Protein is essential to a healthy diet, so many dieters find themselves concerned that they might not be getting enough high quality protein in their daily diet. The following guidelines can help determine the quality of protein in common foods, as well as exactly how much protein they provide and how much is necessary to maintain overall health.
How Much Protein is Enough?
A general guideline is that about 20% of the diet should consist of protein. However, if you exercise frequently, you might need more. Some studies have indicated that slightly higher protein intake is important for effective weight loss, as well, since it helps the body's metabolism work to reduce muscle loss while increasing fat loss. Older people also need higher levels of dietary protein. General daily guidelines are:
- Babies--10 grams
- Teenage boys--52 grams
- Teenage girls--46 grams
- Adult male--56 grams
- Adult female--46 grams
- Pregnant or lactating women--71 grams
Many Americans fall short of these guidelines by as much as 10%. Sufficient dietary protein is important, as it helps build muscle, serves as building blocks for hormones and enzymes, and helps the metabolism run efficiently. Protein also helps increase satiation, making meals more filling and helping dieters keep from feeling overly hungry.
In addition, recent studies indicate that the long-held guidelines for protein intake might actually be too low. Studies from Johns Hopkins and elsewhere imply that slightly higher protein intake--provided that protein is low fat--can improve cholesterol, blood pressure, blood sugar and insulin levels.
What Proteins are High Quality Proteins?
The quality of the protein in the daily diet is also important. Higher quality protein is easier for the body to utilize, and is also healthier for the body overall. So what constitutes high quality protein?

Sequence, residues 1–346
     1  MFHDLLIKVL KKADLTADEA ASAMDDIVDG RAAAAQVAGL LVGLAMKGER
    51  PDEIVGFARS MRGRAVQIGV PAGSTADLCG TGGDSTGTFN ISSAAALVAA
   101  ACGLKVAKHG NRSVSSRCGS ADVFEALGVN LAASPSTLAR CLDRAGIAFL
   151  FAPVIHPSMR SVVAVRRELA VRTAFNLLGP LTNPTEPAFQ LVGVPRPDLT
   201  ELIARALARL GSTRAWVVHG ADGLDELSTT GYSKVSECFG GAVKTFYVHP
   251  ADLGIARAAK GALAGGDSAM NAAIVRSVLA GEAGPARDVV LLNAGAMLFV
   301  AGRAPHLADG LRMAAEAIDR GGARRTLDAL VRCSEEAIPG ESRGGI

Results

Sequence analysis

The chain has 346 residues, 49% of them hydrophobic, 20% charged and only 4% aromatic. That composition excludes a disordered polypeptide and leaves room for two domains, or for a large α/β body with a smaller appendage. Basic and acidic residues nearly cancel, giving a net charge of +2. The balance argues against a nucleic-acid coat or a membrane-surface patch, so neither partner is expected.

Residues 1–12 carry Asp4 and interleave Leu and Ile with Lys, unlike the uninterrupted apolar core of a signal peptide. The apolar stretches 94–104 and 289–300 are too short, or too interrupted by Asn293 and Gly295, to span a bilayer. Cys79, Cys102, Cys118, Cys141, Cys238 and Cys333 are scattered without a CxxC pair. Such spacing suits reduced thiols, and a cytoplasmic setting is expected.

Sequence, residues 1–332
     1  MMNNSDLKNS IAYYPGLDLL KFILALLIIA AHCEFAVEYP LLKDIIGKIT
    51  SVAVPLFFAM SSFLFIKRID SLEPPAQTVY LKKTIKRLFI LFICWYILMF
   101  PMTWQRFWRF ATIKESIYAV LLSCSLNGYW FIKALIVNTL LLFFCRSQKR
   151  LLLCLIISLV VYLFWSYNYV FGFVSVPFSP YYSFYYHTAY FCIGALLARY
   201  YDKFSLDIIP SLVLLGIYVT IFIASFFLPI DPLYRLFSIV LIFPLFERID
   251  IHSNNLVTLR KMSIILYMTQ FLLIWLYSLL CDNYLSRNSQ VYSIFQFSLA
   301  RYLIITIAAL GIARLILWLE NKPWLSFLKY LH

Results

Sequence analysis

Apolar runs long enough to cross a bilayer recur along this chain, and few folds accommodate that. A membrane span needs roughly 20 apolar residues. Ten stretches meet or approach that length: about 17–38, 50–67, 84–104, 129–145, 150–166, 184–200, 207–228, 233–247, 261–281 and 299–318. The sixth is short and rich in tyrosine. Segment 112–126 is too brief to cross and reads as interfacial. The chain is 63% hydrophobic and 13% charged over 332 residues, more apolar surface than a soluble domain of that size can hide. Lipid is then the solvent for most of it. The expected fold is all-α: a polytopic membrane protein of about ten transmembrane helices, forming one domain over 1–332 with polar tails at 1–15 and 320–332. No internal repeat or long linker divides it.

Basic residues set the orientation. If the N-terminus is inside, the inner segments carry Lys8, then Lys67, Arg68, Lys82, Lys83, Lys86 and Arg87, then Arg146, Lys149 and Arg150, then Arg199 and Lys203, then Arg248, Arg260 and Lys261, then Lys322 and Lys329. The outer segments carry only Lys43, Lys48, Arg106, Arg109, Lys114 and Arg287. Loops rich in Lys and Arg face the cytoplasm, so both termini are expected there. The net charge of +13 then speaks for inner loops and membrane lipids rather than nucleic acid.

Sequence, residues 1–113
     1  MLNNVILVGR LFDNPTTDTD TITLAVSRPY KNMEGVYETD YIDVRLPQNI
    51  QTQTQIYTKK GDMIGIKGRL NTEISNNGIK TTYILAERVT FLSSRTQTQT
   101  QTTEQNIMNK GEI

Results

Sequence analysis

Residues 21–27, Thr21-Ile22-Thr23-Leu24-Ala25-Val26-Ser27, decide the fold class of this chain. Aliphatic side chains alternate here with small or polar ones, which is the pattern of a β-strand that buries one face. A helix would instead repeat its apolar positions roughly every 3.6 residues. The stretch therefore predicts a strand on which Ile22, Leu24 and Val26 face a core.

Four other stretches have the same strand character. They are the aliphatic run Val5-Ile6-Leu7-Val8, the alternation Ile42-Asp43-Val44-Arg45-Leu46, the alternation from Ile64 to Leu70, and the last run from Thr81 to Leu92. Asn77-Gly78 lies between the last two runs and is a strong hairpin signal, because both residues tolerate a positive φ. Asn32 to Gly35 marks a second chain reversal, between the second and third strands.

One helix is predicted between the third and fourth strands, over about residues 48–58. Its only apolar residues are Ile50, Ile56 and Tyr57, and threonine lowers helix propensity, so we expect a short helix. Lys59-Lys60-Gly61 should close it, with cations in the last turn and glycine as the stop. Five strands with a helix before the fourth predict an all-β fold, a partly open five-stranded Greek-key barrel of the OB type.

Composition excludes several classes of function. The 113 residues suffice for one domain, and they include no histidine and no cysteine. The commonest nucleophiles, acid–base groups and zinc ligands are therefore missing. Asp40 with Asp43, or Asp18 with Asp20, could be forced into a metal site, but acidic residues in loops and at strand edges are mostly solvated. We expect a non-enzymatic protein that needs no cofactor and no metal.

Unfortunately, the most commonly consumed protein food in the US is meat. Yes, meat provides high quality protein, but it also usually comes with a high fat content, as well. Worse, that fat is saturated fat--not a good choice to maintain heart health and optimal cholesterol levels.
The best protein choices include:
- Lean meats
- Chicken without skin
- Egg whites
- Low fat dairy products
- Beans and nuts
Replacing even a small amount of the daily intake of carbohydrates with these high quality proteins can lead to dramatic improvements in overal health. This is especially true for processed carbohydrates like sugar and flour, and starchy carbs like potatoes or rice.
How to Add High Quality Protein to the Diet
Counting grams of protein isn't really necessary, so if that approach seems intimidating or time-consuming, never fear. Focus instead on including a high quality protein food item in each meal. Replace high-fat burgers with leaner hamburger or, even better, ground buffalo. Include fish in a meal or two each week instead of beef. Use skinless chicken in recipes instead of beef or chicken with skin on. And don't forget the nuts and beans, which supply protein along with a variety of other vitamins, minerals, and polyunsaturated fats.
Just making a few of these easy changes every day can greatly increase high quality protein intake, and ensure enough protein in the diet to keep the body happy and healthy.